Carrying and rocking in your or someone else’s arms will help soothe and soothe your baby. Try to respond to their needs as much as possible – this stage is short and will pass quickly as your baby grows and learns to stay alone longer. What’s more, skin-to-skin contact releases an important hormone in your body called oxytocin.
It also shows up when you are close to the baby, look at him, hear him cry or even think about him. It also supports the flow of milk during feeding or pumping, so the more time you spend near your baby, the more efficiently the initiation and development of lactation will be. you will meet such suggestions from kind relatives, try to ignore them.
Also, do not try to implement any feeding schedules – the baby is too small for this and most babies do not get used to the given rhythm. Instead, feed on demand when you notice signs of hunger, such as gasping for air with your mouth, searching, and sucking. Thanks to this, you will effectively initiate and develop lactation.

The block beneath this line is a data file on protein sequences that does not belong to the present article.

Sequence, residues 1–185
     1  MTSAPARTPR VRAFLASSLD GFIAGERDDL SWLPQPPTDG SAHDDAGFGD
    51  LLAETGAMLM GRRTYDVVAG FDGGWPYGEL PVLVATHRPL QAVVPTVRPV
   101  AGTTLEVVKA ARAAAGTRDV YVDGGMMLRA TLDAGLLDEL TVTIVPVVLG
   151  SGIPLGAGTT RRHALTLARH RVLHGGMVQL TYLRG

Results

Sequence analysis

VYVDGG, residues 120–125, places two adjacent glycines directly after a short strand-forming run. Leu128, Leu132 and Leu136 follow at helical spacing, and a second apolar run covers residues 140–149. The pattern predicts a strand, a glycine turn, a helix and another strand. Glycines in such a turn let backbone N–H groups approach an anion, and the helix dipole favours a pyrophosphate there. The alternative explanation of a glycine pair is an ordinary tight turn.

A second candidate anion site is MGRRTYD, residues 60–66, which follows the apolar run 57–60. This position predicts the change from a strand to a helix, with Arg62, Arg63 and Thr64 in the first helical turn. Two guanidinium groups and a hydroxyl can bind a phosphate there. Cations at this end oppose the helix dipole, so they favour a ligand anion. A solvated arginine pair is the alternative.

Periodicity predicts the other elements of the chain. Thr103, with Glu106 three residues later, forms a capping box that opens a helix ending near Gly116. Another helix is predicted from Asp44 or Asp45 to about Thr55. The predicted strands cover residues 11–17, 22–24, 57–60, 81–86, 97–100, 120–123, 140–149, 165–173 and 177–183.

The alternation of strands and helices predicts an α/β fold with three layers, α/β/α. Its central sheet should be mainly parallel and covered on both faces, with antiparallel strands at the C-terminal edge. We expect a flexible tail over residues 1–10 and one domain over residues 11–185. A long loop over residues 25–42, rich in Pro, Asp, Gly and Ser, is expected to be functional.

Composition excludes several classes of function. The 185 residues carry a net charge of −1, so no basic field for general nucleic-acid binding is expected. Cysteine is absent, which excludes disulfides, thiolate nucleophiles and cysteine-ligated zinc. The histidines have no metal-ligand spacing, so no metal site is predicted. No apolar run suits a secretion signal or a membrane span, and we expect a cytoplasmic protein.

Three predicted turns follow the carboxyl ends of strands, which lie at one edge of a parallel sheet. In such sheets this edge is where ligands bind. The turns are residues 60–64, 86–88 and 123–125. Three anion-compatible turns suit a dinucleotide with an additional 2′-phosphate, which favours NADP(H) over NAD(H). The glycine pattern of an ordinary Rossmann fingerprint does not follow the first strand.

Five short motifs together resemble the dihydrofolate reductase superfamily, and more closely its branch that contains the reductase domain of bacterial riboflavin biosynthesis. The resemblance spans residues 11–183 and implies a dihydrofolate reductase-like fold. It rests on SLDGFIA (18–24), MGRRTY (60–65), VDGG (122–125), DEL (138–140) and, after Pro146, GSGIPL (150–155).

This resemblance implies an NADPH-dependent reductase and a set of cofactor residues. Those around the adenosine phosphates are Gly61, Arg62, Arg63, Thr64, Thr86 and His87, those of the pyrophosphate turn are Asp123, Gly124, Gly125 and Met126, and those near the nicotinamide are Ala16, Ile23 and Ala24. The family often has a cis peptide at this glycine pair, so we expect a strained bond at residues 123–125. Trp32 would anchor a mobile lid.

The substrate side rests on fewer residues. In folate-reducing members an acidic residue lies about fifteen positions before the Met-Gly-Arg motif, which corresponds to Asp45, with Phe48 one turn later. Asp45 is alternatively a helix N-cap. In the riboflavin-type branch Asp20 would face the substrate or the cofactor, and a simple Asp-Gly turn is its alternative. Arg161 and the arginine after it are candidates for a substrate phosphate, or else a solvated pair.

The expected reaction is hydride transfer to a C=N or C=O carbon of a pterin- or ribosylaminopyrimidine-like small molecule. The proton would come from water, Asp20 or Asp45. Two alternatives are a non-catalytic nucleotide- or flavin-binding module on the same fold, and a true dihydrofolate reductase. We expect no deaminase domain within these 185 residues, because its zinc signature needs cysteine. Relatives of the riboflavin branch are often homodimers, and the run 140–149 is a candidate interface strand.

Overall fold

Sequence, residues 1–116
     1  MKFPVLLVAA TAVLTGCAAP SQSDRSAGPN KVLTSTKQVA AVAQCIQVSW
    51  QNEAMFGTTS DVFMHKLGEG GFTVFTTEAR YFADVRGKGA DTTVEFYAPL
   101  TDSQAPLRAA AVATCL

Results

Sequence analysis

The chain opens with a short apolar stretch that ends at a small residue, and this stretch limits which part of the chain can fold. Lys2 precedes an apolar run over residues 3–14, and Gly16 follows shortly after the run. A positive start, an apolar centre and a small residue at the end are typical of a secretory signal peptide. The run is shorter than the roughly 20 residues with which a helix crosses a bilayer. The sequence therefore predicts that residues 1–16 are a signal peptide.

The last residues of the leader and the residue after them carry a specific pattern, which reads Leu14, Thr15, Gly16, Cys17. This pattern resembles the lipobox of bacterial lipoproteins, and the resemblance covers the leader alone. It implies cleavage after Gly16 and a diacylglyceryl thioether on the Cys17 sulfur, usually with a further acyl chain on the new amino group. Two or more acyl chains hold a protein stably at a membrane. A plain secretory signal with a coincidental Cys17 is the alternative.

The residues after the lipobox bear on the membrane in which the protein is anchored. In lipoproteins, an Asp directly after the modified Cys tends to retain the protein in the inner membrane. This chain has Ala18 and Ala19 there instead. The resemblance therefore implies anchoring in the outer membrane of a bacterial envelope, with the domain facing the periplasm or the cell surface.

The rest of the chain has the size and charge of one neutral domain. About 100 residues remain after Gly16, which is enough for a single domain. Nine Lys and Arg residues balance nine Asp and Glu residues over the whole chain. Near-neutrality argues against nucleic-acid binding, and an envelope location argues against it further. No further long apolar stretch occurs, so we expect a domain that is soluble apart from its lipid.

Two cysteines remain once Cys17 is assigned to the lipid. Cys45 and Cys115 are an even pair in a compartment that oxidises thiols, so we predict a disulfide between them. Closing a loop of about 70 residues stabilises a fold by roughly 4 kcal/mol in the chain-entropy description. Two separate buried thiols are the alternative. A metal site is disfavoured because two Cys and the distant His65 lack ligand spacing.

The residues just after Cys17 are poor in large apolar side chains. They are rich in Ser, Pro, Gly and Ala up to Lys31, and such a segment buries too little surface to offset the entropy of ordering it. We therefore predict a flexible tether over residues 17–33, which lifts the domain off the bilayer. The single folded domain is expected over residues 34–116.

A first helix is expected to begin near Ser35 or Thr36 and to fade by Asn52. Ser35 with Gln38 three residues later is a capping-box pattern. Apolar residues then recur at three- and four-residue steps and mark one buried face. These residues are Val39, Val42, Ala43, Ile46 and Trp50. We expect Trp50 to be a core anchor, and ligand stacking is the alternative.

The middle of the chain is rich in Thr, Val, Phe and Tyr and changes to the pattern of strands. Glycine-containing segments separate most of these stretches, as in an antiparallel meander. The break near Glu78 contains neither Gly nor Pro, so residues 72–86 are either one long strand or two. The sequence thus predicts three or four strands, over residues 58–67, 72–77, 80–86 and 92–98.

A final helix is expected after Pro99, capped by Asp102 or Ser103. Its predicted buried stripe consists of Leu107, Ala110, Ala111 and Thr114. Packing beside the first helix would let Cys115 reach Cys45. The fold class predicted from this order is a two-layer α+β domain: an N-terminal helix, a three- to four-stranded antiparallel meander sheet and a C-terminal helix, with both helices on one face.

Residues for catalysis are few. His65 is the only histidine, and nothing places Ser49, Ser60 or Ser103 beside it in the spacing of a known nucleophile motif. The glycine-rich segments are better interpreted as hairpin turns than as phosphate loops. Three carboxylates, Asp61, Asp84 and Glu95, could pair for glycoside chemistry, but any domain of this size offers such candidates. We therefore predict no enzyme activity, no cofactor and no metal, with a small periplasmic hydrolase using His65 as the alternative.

You can also use apps like MyMedela to keep track of the number of feeding sessions and used nappies, and watch for symptoms of proper nutrition. The most important of these is defecation: on the first day, the newborn should give up meconium, i.e. a black and sticky stool, and wet the nappy once, on the second day you should expect at least two dark green or brown stools with a less sticky consistency, as well as two wet nappies. .
If not, contact your doctor. What care will I need during the first days after giving birth? Your body needs rest and time to recover, even if the delivery is smooth. Leave changing, cooking and caring for older children as much as possible to your partner or relative, or if you can afford it, hire someone to help. Save energy for the next busy weeks and focus on bonding with your baby and developing lactation. Everything else can wait.
“Shop online, let others bring you drinks and eat right to stay strong,” advises Gillian, mum of one, UK. “In my case, the first week was blissful and I didn’t expect the intense period that followed. That’s why you need to have a good rest. ”Also, don’t feel obligated to host guests – only invite those who will support you. “If possible, save this time for you, your partner and your baby,” advises Kerry-Lynne, mum of two, UK.